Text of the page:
China, being the prime market for REEs, must adopt ways to make large-scale mining more sustainable and greener. Some latest technologies include the electrokinetic method used by many Chinese companies to improve the leaching process and quantity of the extracted minerals. It’s mostly suitable for heavy REE with high atomic numbers like dysprosium and terbium. Biomining is a highly sustainable process that incorporates microbes to do the leaching process. One such species is the cyanobacteria, which produces organic acid to extract the REE from recycled e-waste, ores, and wastewater. Agromining, the process that incorporates plants that have hyperaccumulation and rapid-growth capacity on REE-rich soil. Researchers say agromining works most efficiently for nickel. However, all the sustainable alternatives mentioned above are yet to be examined deeply considering their practical values and cost-effectiveness.

We can infer that for China to remain in the top position in the carbon market and REEs, it must operate in socially and environmentally responsible ways. The country further needs to ensure transparent supply chains free from human rights infringement and environmental damage.

On the other hand, the West is putting serious efforts to decrease dependence on China for rare earth mineral supply. They are exploring technologies to replace REEs or use fewer REEs. For example, Tesla recently announced plans for next-generation motors using rare earths-free magnets. There’s a mixed review of this move. While some industry pundits say it would have minimal effect on the market because they believe EVs without rare earth will have a very low success rate, others consider this to be a revolutionary move. It is further predicted that production of EVs in the coming years won’t experience a slump if they become independent of rare earth minerals. This, in turn, will directly push the carbon market and mitigate carbon dioxide emissions.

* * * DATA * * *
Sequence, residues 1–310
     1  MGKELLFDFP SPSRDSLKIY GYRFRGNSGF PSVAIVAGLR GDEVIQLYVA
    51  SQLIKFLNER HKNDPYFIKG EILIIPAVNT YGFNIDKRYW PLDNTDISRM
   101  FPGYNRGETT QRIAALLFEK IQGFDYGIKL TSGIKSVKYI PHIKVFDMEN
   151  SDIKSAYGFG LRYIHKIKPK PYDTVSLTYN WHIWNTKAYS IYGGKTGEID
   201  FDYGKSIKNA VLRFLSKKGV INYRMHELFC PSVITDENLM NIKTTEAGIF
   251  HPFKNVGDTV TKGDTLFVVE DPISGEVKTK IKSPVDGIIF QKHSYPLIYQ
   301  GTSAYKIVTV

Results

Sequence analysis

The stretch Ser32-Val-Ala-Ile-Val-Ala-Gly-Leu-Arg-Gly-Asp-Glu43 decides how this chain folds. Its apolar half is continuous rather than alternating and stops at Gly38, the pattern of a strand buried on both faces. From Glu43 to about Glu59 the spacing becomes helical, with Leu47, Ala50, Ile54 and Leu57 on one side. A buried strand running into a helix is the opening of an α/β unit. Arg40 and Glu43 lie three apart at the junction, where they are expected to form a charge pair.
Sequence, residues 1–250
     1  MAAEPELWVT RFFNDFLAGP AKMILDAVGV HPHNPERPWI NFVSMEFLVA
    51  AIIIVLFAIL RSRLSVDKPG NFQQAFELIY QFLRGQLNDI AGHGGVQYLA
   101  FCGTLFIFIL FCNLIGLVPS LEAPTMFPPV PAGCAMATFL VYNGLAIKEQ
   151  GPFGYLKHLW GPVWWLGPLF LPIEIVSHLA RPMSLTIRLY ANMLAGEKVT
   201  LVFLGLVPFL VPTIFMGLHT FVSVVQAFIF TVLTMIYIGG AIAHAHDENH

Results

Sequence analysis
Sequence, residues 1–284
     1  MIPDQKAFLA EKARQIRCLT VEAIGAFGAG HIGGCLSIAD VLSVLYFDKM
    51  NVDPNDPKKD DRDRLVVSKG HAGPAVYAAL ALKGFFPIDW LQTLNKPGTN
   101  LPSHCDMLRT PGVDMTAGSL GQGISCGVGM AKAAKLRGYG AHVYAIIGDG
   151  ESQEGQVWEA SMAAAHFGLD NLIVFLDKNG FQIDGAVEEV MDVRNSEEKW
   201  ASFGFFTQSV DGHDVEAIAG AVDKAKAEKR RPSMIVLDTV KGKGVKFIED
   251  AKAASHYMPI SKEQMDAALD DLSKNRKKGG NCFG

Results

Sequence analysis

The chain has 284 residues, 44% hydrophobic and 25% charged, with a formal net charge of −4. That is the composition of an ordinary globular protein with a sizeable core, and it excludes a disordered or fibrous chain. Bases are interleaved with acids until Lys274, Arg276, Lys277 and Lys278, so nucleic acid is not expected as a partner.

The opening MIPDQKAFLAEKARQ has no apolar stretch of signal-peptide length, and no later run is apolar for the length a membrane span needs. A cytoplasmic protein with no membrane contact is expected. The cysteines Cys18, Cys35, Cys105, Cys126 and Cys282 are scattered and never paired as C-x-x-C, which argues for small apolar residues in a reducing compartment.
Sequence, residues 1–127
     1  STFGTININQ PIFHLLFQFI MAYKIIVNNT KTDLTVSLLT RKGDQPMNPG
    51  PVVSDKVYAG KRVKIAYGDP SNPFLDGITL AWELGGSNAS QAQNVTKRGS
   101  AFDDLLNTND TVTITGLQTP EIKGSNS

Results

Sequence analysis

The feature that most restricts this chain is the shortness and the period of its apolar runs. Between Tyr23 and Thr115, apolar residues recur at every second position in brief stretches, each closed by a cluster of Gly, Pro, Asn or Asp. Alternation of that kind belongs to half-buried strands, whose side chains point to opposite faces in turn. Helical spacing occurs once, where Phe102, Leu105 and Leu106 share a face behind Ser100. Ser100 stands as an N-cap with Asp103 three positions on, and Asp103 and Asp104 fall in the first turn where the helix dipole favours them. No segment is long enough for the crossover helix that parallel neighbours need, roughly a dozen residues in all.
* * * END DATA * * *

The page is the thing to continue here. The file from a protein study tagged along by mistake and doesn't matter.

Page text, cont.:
These are just some of the factors responsible for REE’s geopolitical conundrum and have given rise to an important question – does a fair trade agreement exist between China and the West over rare earth elements? Will Friction from the West Loosen China’s Grip on REEs?

The US and Europe have shaken hands and signed deals without China. President Biden and his allies prioritize technology and green energy, while Global South nations, like India, push for EV adoption to boost energy independence. One notable collaboration involves US and European rare earth companies processing monazite sands in Utah, followed by shipping rare earth carbonates to Estonia for further refinement. In recent news, the United States Department of Defense (DoD) granted a $120 million contract to Australia’s Lynas Rare Earths to construct a heavy rare earths separation facility in Texas. Lynas USA LLC, a subsidiary of Lynas Rare Earths Ltd, will own and operate this facility. The objective of the contract is to bolster domestic industrial capacities for heavy rare earth elements (HREEs), involving metals like gadolinium, dysprosium, and ytterbium. Japan has also fortified its rare earth supply chain.

Matt Lyons

Matt Lyons

Matt Lyons is the founder of Forestry & Carbon. Matt has over 25 years as a forestry consultant and is invoilved in numerous carbon credit offset projects.